Also posted this on the related 'attendance' post ...
I'd like to express my sincere appreciation and respect for everyone that showed up last night to represent and defend the rights of citizens and land-based anglers of every definition in the great state of Florida. We'll get a list of names for all who attended and post it soon. In the meantime, thanks to each and every one of you. My brother Brooks and I made the round trip from the west coast and were proud to be there. Getting home around 5:30am has us a little behind schedule, and we'll get into more detail soon. For now, I will declare this a victory on several levels that all started with the strategically collaborative efforts put out over the past two weeks by a task force consisting of: Zach Miller, Tom Argue, Herbert Muller, Pat Dirindin, Brooks Paxton II, Will Fundora, as we came down the stretch in the final days, and myself. We meticulously armed ourselves with facts and a credible position that ultimately resulted in an on-the-spot amendment to the ordinance that can only be considered a compromise in our favor.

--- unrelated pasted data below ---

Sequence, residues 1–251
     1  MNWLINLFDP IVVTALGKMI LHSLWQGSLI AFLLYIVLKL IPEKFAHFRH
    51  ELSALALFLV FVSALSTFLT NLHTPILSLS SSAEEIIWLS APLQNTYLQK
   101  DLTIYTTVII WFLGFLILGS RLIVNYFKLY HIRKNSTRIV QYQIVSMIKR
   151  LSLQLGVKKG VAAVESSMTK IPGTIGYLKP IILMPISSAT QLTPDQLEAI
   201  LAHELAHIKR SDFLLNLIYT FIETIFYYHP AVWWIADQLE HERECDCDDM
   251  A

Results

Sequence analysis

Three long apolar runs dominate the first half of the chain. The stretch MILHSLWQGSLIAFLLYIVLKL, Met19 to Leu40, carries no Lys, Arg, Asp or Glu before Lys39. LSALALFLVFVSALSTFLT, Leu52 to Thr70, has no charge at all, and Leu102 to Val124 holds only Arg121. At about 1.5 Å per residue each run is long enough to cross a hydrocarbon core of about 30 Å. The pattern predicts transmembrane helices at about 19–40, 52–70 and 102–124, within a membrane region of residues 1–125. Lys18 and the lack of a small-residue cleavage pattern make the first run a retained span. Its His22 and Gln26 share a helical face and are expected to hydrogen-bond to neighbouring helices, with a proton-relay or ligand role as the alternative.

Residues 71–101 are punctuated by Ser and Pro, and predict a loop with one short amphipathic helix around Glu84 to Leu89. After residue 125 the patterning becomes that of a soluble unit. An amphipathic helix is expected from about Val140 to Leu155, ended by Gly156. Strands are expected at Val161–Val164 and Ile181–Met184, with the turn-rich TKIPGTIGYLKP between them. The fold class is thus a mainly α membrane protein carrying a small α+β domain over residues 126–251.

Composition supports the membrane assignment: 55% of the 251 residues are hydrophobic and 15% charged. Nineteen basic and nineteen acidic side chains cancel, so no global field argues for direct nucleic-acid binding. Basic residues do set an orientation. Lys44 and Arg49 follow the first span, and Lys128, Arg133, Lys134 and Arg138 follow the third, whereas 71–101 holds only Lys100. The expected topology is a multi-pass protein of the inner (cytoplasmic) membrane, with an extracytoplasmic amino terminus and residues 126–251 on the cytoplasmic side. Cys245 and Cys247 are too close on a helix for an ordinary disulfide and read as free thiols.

After 90 full minutes of spirited debate, the ordinance was passed, but was emphatically done so in the interests of public safety, and not to the credit of any extremist environmental group's special interest agenda. For the most part, that argument was largely dismissed by city officials. The previous article posted is not entirely accurate, as the ordinance does now allow cut bait, and does not prevent land-based anglers from exercising their right to use municipal beaches for the purposes of recreational fishing. There are no defined limits, as to when fishing can be done or what kind, type or size of rod or reel can be used. The spirit of the ordinance prohibits the intent to catch a certain species, while acknowledging there is no way to know what might pick up the sharp end of an angler's line. With cases like this, it's rare for either side to get everything they want and compromise is the typical outcome. Such is the case, here. Is it perfect? I don't think either side would say yes, but we have to value it as something to learn from and build upon. In the end, there was a stated, and now documented, respect for angler's rights and acknowledgment of the pervasive, environmentally sound stewardship ethic practiced and promoted within our sport, that includes, but is not limited to catch & release shark fishing. Let's carry that distinction forward with class and dignity and pride, while refusing to get down in the dirt with anyone that doesn't respect or practice those same qualities.
Once Again - My Sincere Appreciation and Respect For Everyone Who Contributed to This Important Effort,